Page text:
Putting land use issues — including deforestation, reforestation and restoration — front and center at the U.N. COP26 climate summit in Glasgow is without a doubt a positive and important move, but world leaders should also keep fossil fuel emissions at the top of the agenda, said Robert Nasi, managing director of the Center for International Forestry Research and World Agroforestry (CIFOR-ICRAF).
He delivered the remarks in response to a report in Britain’s Guardian newspaper which stated that an agreement and new funding to stop forest loss and degradation will be announced at the summit.
“We need to leave fossil fuels in the ground, move to renewable energy, while removing perverse financial incentives, such as subsidies,” Nasi said.
“Stopping deforestation and protecting standing forests or reversing it through reforestation and landscape restoration can make a dramatic contribution to mitigating and adapting to climate change while helping to achieve biodiversity targets. But if it’s not accompanied by measures to reduce the 75 percent emissions from other sectors, it’s not going to bring us to the ‘1.5 degree Celsius’ future we want.”
Still, the focus by the UK COP presidency on forests and trees is crucial because the Agriculture Forestry and Other Land Use (AFOLU) sectors represent about 25 percent of planet-warming emissions. Another often overlooked benefit is that it is the only sector which can actively grow carbon sinks through reforestation and ecosystem restoration.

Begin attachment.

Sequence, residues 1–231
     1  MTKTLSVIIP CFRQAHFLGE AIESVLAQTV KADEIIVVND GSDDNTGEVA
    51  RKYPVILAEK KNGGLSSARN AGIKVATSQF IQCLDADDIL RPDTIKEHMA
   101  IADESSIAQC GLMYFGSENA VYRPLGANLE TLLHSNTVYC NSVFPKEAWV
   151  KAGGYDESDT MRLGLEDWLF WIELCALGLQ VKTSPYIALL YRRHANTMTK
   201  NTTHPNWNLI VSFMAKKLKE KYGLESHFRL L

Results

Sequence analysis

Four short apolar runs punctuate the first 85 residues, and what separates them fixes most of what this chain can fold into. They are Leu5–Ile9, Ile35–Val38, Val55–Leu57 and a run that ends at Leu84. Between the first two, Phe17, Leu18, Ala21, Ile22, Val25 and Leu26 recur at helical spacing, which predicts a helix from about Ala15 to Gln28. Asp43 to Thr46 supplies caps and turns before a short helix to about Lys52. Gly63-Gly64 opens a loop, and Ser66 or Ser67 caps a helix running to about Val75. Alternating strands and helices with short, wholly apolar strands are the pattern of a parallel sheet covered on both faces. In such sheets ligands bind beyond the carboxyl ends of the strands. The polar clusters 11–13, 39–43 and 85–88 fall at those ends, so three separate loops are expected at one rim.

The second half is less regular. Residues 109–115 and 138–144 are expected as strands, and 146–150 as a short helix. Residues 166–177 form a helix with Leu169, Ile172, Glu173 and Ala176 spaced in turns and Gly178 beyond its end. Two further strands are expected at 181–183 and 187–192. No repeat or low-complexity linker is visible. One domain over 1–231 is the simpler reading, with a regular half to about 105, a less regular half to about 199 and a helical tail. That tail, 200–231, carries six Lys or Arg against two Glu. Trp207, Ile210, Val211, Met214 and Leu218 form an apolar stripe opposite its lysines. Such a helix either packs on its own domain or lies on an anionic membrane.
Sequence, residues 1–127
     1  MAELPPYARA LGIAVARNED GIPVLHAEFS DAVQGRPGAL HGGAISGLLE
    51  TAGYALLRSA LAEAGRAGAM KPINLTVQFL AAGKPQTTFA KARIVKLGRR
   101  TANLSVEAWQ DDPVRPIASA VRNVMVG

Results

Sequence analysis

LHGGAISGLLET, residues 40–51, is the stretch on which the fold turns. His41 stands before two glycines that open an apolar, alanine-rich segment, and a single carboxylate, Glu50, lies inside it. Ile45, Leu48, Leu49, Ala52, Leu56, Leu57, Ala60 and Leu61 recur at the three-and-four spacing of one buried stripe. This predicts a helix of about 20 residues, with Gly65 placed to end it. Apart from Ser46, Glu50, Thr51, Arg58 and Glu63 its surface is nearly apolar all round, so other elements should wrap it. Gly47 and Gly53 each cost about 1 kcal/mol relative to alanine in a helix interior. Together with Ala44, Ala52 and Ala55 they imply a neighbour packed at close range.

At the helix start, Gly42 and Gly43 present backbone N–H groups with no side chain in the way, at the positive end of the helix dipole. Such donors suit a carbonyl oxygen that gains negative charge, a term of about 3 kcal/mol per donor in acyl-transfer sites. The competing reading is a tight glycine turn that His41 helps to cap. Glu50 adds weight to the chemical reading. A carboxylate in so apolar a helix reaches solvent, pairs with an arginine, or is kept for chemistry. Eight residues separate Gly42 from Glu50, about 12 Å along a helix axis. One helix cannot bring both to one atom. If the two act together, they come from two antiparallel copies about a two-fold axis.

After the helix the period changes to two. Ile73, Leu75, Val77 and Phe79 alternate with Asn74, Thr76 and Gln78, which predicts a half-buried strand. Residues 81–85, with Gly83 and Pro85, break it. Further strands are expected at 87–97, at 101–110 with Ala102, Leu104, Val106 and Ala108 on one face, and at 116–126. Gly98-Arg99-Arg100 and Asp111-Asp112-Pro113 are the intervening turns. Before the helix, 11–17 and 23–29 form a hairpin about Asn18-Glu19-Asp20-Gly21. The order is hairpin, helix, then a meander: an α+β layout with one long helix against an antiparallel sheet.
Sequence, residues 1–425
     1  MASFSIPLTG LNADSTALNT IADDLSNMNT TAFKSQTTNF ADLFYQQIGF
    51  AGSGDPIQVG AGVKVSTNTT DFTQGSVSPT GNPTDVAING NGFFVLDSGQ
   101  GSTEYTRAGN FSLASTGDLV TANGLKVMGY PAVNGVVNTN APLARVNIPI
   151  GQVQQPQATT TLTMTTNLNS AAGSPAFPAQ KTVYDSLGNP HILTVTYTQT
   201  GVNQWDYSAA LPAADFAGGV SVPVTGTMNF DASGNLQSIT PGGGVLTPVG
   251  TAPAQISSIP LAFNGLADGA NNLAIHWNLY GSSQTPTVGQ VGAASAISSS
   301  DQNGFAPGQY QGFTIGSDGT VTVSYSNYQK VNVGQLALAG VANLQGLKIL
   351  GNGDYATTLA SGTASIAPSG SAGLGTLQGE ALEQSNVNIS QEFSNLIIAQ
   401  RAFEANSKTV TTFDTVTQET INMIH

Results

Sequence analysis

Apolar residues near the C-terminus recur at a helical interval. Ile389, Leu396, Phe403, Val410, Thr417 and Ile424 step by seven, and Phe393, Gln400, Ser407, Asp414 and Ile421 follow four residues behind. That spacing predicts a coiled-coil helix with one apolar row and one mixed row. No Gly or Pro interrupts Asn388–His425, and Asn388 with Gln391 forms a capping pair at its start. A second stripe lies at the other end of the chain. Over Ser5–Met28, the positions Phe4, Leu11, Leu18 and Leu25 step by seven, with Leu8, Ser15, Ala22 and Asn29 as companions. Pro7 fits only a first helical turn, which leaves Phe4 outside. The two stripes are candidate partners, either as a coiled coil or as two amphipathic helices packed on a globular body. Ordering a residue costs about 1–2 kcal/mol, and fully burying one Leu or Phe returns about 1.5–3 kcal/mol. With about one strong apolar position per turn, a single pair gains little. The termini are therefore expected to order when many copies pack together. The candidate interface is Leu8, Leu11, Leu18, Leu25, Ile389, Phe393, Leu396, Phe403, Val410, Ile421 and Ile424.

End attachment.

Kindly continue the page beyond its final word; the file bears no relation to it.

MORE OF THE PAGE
Forests and trees also offer very strong synergies across the U.N. Convention on Biological Diversity and its newly minted post-2020 agenda, and the U.N. Convention to Combat Desertification and its land degradation neutrality agenda.
Globally, deforestation and forest degradation results in an average of 8.1 billion metric tonnes of carbon dioxide emissions each year, while standing forests absorb 16 billion metric tonnes of carbon dioxide each year, according to research published by CIFOR-ICRAF scientists and partners
Producers and consumers of such commodities as livestock, cocoa, coffee, soy and palm oil have been asked to commit to halt land clearances, the second largest source of anthropogenic greenhouse gas emissions, the Guardian story said, citing a Downing Street source.
“COP26 puts a heavy emphasis on trees – it’s there as an equal part of ‘coal, cars, cash and trees’ because the prime minister (Boris Johnson) personally believes protecting nature and biodiversity has to be a major part of how we tackle climate change. Alongside reducing carbon emissions from coal and cars, nature-based solutions are a priority. That’s why COP26 sees the UK presidency pushing for a strong international agreement to halt and reverse deforestation by 2030,” the source told the Guardian.
Currently, however, there is no effective monitoring and evaluation system in place to track commitments in a coordinated fashion, and most reports have so far indicated that they have underdelivered.